Ed Wisneski ’72
Prescott, Arizona


David Wood deserves credit for overcoming the stigma of mental illness to pen his article. Having experienced the same illness that Wood describes his son as having, my heart aches for the parents and for young David. 

People can and do recover. Mental wellness should be a goal for everyone. We all should take the time to be good to ourselves and to others.

Aimee Ballantyne ’77
Wilton Manors, Florida


Kudos to David Wood for writing his personal story about a struggle with mental illness. I am approaching my 80th birthday and was diagnosed with bipolar disorder 45 years ago. Having experienced many challenging episodes over the years, I have recently written an article about living with and managing this disorder for Our Health Matters magazine.

I have lived a very fruitful and productive life with the disorder.

Steve Katz ’57
Leawood, Kansas


Liberal Arts Ethos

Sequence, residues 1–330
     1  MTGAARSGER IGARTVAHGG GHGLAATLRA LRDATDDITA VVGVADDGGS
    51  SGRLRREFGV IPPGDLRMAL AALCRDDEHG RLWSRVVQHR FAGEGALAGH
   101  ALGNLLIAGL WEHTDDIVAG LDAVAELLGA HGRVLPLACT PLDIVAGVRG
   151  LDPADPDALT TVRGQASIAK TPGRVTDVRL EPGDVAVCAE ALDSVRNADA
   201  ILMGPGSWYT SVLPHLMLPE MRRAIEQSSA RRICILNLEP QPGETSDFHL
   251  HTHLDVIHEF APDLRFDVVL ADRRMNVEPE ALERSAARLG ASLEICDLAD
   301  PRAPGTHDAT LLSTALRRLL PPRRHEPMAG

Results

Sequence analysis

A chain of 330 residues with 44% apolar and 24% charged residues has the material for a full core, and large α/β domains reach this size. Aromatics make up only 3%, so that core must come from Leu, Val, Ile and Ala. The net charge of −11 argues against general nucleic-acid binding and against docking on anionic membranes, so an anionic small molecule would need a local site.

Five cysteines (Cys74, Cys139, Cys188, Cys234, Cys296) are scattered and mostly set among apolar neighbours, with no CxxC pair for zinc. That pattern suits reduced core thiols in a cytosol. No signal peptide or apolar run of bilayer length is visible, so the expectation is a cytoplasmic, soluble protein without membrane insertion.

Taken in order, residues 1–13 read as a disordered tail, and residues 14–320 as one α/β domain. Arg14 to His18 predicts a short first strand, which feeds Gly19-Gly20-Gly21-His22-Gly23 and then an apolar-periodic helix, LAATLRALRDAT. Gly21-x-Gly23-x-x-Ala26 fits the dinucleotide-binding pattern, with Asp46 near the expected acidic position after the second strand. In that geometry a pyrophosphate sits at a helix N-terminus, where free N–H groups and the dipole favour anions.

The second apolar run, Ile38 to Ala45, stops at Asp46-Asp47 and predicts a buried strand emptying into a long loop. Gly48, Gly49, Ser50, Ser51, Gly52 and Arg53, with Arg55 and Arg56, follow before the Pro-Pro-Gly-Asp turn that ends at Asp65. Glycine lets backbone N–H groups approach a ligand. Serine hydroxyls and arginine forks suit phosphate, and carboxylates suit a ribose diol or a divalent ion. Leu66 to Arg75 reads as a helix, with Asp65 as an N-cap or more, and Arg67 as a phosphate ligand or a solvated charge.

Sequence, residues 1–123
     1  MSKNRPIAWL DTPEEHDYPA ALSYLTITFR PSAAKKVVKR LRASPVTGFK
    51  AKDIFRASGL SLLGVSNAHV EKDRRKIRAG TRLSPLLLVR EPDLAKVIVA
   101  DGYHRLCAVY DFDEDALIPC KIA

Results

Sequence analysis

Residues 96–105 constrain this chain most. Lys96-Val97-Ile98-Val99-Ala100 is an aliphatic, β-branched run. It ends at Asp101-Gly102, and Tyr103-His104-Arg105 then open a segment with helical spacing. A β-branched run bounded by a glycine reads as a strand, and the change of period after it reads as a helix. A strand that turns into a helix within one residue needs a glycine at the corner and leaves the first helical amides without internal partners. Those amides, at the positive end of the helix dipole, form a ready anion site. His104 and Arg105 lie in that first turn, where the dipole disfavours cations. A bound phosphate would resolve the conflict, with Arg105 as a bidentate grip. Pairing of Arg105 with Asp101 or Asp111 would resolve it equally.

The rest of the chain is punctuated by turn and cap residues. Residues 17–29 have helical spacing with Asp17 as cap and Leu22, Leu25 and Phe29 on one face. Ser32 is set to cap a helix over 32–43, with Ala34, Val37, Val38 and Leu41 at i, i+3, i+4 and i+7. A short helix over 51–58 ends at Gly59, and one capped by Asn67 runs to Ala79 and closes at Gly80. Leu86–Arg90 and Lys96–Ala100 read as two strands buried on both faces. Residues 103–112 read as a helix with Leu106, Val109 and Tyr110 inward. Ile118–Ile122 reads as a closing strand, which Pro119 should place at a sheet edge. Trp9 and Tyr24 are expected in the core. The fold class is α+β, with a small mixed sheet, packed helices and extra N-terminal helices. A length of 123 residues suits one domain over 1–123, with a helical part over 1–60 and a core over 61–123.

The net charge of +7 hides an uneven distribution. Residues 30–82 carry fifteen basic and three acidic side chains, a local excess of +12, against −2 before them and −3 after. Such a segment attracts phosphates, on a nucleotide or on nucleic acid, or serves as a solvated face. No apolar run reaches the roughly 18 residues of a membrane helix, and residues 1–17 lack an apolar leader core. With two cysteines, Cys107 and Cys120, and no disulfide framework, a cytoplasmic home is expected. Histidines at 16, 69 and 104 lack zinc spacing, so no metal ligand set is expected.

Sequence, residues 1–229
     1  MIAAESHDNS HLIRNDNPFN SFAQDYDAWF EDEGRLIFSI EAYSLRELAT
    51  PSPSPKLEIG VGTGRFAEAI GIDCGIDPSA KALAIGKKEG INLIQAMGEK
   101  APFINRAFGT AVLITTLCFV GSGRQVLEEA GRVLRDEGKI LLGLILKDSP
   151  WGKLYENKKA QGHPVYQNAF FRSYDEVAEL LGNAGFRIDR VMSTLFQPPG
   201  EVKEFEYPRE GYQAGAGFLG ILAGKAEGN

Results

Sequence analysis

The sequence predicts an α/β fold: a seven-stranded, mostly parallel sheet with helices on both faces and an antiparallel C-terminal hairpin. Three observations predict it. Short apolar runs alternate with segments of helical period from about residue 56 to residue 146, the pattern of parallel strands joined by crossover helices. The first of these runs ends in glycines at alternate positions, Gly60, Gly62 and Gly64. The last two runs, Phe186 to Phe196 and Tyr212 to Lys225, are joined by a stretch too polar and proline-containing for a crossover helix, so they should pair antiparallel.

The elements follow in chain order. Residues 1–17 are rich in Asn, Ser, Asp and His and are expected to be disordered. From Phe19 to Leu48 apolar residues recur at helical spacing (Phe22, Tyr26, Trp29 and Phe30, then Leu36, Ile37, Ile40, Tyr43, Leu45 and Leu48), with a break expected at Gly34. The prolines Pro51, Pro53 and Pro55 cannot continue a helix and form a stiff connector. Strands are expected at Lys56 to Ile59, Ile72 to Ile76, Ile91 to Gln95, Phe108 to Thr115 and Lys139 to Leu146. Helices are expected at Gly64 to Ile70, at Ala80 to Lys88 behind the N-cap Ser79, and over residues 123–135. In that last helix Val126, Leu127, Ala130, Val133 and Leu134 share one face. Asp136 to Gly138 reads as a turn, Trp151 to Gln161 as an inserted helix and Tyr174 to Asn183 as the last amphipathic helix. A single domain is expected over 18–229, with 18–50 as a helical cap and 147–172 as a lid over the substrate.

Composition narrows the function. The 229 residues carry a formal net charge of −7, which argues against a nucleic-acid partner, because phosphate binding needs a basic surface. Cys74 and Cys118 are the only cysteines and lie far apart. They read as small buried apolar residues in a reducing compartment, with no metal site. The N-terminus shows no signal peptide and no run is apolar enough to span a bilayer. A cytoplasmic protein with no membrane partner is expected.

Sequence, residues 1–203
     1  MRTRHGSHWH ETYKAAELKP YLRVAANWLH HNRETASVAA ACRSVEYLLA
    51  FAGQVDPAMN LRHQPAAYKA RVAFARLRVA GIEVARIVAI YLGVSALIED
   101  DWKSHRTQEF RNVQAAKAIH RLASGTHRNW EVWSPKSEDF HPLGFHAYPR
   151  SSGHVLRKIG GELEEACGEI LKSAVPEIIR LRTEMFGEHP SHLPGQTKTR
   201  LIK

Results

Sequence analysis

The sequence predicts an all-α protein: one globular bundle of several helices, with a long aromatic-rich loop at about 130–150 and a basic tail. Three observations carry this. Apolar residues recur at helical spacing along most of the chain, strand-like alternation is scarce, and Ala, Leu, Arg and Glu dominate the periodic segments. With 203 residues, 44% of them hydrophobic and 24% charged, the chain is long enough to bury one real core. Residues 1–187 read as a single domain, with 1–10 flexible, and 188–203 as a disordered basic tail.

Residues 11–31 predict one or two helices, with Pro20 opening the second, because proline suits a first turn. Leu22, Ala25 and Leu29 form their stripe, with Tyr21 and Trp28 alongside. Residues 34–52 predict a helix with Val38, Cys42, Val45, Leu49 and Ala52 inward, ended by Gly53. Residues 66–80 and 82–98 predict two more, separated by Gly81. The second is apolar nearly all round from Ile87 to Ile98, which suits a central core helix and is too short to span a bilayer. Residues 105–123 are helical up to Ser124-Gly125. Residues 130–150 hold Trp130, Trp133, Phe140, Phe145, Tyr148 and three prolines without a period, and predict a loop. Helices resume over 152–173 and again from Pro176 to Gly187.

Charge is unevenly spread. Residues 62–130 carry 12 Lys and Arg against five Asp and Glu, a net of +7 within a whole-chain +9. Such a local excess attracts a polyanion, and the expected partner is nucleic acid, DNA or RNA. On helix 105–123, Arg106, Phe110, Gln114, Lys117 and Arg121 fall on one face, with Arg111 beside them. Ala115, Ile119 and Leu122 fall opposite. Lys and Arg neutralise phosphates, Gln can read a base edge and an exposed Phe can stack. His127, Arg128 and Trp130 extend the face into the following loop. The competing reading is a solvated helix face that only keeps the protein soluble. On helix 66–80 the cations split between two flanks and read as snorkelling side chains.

Kudos to Professor Cecilia Gaposchkin for making a strong and spirited case for the value of a Dartmouth liberal arts education [“Train the Brain,” November/December]. Among other things, her piece underscores the value of building and maintaining an intellectually and politically diverse faculty to provide an academic atmosphere that fosters “critical thinking,” “exposes [students] to different types of thought” and “teaches [students] to distinguish between fact and opinion.”

As the College pursues President Hanlon’s Moving Dartmouth Forward plan, which includes “increasing diversity in faculty” and appointing a vice provost dedicated to such a task, I hope that such an effort includes taking a serious and hard look at whether Dartmouth can improve the intellectual and political diversity of its faculty to ensure that Dartmouth continues to offer students a world-class liberal arts education in critical thinking.

Adam J. Siegel ’98
Washington, D.C.